Booster later joined Captain Atom's team Extreme Justice (which is about as '90s of a team name as you can get). It was during this period that Booster sought an escape from his armored prison, and made a deal with the villainous Monarch, who restored Booster's arm and rescued him from his confinement in the suit. Afterwards, Booster was able to construct new armor that was closer to his original in both appearance and powers. in the distance, a light shown on the horizon for Booster Gold, although it would cost him the lives of many of his friends to reach it.
After the disturbing events of 2004's "Identity Crisis," wherein his old Justice League pal Sue Dibny was murdered, Booster retired from superheroics. The retirement was not to last, as his best friend, Blue Beetle, drew Booster out of retirement to help discover who was manipulating his company, Kord Industries. Booster was hurt in an explosion at Blue Beetle's house, and we learned that Skeets had been dissected by the para-military group known as Checkmate. Meanwhile, in the "Countdown to Infinite Crisis" special, Blue Beetle discovered that Checkmate was run by former JL frontman Maxwell Lord.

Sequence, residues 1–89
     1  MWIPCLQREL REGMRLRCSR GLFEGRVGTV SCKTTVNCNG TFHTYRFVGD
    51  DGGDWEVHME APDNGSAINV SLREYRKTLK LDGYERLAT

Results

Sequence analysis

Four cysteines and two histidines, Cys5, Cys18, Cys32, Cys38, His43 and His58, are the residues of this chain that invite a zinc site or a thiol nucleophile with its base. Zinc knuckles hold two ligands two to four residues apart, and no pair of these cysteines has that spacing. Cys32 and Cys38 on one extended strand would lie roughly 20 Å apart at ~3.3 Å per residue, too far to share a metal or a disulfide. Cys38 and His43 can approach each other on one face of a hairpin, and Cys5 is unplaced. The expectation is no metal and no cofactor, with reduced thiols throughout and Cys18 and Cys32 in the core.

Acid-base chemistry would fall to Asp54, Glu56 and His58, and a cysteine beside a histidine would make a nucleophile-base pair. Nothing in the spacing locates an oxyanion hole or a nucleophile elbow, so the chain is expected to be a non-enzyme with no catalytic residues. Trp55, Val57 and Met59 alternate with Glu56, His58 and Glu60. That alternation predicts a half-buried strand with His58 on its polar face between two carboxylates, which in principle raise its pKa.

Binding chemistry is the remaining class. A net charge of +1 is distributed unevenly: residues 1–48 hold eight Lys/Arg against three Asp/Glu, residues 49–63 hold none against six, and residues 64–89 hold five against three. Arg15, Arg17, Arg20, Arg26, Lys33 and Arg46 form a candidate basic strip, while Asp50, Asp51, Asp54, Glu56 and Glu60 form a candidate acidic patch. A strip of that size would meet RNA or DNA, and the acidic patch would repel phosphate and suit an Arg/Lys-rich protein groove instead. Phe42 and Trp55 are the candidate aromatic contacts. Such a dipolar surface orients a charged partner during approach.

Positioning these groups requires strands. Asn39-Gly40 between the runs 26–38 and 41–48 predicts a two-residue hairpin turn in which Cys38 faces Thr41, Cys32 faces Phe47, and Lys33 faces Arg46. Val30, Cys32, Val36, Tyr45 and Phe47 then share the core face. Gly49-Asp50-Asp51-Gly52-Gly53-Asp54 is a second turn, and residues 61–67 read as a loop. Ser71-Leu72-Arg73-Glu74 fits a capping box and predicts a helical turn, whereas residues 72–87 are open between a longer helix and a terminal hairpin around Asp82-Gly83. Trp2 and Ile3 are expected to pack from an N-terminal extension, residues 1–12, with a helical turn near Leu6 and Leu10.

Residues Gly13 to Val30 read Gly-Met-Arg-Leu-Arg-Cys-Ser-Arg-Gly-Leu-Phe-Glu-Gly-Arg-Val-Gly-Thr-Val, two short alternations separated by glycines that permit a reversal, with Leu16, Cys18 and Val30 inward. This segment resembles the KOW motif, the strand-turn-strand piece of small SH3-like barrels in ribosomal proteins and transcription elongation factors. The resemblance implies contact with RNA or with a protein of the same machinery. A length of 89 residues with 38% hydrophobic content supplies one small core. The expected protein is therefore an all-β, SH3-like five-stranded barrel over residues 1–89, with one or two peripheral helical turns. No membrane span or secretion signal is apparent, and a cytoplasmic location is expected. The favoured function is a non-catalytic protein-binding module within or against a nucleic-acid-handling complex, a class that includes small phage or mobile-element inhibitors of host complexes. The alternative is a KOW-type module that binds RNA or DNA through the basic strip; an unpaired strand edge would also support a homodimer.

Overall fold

Lord had formed Checkmate in an attempt to keep all metahumans under observation and control. Blue Beetle was captured and, after turning down Lord's offer to join Checkmate, was killed in a shocking scene in which Lord shot a bullet through Beetle's head. Booster only knew that his friend was missing, and assembled old members of the Justice League to find the Blue Beetle. The group encountered Maxwell Lord's OMAC robots and Booster was injured and much of his equipment destroyed. At the end of the "OMAC Project" miniseries, Booster said it was time for him to go home. What followed was the next series that would redefine the character of Booster Gold: "52".